In Stockholm’s K9, rent ranges from $650 for a bunk in a six bed room to about $1,600 for the most expensive room. The New York Times reported this was steep compared with the official controlled rent of the city and roughly on par with the more expensive sublets.

‘Traditional house shares’

Although the department’s clarification of the minister’s comments to made a comparison between these rooms and a one-bed apartment (in which a person would have their own living space and kitchen), when the minister himself later addressed his comments, he compared them to house shares.

He said “16 m/sq [the size of rooms in the Bartra plans] is larger than rooms in traditional house shares”.

Real estate services firm CBRE said there there is no data available on the average size of house shares and listings tend not to include square footage of rooms when they are advertised.

However a search of house and apartment shares on across Dublin presented more than 250 large bedrooms with rent of more than €900 a month [in the price range of co-living rooms].

This ensuite double bedroom in Dún Laoghaire is available in an apartment shared with one other tenant for €1,150 a month.


There is also this room for €1,150 a month in a two-bed in Portobello, this room in a three-bed in Stillorgan for €1,000 a month, this room in a two-bed in Blackrock for €1,200, this room in a two-bed in Dún Laoghaire for €1,100 and this room in a Ballsbridge apartment shared with two other tenants for €900 a month.

All of these bedrooms are ensuite.

‘An average salary’

Bartra’s Mike Flannery said the development proposed for Dún Laoghaire was not designed to be a response to growing homeless figures and insisted misinformation about the project was being circulated by politicians.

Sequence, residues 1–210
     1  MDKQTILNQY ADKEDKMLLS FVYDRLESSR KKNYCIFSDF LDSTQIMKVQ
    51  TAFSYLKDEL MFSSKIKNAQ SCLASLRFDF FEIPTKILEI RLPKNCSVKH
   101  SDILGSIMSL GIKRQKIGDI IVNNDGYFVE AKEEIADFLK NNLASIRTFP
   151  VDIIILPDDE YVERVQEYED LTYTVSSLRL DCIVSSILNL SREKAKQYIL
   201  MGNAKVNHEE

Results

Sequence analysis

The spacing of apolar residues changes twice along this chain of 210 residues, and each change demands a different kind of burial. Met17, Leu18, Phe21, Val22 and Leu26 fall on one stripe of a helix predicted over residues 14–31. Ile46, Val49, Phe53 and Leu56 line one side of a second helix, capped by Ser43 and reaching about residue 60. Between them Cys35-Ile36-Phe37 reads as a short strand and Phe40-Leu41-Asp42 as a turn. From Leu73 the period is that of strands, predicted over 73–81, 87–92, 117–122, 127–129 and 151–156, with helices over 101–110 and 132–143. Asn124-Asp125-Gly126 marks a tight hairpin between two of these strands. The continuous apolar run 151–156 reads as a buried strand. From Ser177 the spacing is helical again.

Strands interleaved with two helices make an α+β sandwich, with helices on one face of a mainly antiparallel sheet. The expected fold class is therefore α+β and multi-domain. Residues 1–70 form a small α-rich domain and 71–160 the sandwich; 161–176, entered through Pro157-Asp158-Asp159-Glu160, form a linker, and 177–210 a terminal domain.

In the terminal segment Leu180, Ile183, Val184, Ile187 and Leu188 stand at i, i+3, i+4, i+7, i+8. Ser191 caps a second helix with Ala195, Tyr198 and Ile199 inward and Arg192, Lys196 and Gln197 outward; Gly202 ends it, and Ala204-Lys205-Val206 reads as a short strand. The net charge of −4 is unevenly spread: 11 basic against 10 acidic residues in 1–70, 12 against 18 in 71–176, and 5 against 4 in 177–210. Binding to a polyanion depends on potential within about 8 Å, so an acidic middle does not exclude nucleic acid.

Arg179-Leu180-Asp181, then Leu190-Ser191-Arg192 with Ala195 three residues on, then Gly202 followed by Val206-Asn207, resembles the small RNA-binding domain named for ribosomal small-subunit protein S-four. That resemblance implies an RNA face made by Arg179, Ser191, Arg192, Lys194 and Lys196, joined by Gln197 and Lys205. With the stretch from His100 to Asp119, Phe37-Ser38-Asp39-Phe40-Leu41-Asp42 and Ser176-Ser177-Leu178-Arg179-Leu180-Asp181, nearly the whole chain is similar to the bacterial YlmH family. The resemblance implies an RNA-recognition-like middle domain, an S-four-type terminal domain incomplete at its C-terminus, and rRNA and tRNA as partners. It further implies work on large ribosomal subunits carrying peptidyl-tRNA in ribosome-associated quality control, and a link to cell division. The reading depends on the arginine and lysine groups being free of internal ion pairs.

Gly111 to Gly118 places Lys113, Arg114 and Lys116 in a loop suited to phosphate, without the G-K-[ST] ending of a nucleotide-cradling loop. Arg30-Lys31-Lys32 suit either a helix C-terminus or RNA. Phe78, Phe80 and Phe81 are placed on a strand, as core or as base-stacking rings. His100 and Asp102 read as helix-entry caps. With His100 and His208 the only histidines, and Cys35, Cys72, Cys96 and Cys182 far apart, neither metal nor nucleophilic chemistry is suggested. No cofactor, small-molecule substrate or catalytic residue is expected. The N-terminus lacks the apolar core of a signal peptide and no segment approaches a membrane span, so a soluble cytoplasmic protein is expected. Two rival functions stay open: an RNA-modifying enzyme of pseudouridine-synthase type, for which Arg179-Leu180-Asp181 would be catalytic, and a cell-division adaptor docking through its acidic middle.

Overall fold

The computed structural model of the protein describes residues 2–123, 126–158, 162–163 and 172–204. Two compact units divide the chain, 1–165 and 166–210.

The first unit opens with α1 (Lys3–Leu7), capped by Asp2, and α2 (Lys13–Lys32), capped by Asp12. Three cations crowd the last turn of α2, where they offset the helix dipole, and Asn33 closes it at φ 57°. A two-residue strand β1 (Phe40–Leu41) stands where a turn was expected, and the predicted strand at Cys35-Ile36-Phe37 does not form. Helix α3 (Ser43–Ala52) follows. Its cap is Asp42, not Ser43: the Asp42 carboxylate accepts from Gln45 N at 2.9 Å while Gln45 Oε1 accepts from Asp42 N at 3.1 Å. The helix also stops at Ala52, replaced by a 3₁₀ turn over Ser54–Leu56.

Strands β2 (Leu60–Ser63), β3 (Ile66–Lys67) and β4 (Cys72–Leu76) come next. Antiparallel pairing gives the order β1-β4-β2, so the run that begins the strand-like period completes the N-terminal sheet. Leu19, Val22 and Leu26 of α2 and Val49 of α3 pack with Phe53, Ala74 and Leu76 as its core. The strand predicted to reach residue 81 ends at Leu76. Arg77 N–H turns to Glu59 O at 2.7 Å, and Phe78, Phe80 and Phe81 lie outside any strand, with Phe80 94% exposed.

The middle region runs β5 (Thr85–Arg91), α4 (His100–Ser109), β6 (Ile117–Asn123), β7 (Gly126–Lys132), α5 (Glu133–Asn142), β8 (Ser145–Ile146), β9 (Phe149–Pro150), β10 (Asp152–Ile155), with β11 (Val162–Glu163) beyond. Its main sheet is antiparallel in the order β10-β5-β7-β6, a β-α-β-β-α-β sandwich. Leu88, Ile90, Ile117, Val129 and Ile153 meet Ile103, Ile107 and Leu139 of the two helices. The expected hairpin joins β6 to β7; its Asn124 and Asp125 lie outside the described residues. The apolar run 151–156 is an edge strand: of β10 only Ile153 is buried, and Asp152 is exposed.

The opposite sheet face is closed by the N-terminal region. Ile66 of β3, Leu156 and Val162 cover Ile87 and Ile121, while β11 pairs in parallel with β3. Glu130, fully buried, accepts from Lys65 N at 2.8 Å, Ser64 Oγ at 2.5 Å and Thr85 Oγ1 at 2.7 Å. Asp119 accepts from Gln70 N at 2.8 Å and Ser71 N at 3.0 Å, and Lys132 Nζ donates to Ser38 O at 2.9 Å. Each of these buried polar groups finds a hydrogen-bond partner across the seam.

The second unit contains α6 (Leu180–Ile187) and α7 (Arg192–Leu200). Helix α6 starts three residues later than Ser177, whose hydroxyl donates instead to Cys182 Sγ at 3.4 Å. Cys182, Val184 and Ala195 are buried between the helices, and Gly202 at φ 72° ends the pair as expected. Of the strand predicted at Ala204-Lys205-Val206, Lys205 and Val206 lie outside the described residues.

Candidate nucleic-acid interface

“There is also a very big accommodation issue for young, single people who are working on an average kind of salary or thereabouts and who are not couples.”

Flannery said Bartra had carried out market research which concluded that this development would be aimed towards newly qualified nurses or teachers, and other qualified workers in Dublin between the ages of 20 and 34 years old.

A registered staff nurse has a starting salary of €29, 346.

“I’m not for one second saying that this is to everybody’s taste… neither is a three-bed semi to everybody’s taste, and this is what’s forgotten in the discourse,” he said.

“I know in certain areas nurses are travelling long distances after long shifts for affordable accommodation.

“We can provide them with accommodation close to their place of work and for an all-in single bill per month, this will form part of what’s comfortable for them, as a proportion of their income – 40% or thereabouts is what people are comfortable at.”

Bartra has three other co-living developments in the works at locations across Dublin with a vision to move into other cities around Ireland including Cork and Galway.

“For those who want a house share for cheaper rent and are saving for different reasons, or are just more thrifty, or just don’t want to interact with as many people as that, they’re never going to come to our building. That is fine,” Flannery said.

“They need to be taken care of by a different part of the accommodation market. “

  • Share on Facebook
  • Email this article

Read next:


This is YOUR comments community. Stay civil, stay constructive, stay on topic. Please familiarise yourself with our comments policy here before taking part.
write a comment

    Leave a commentcancel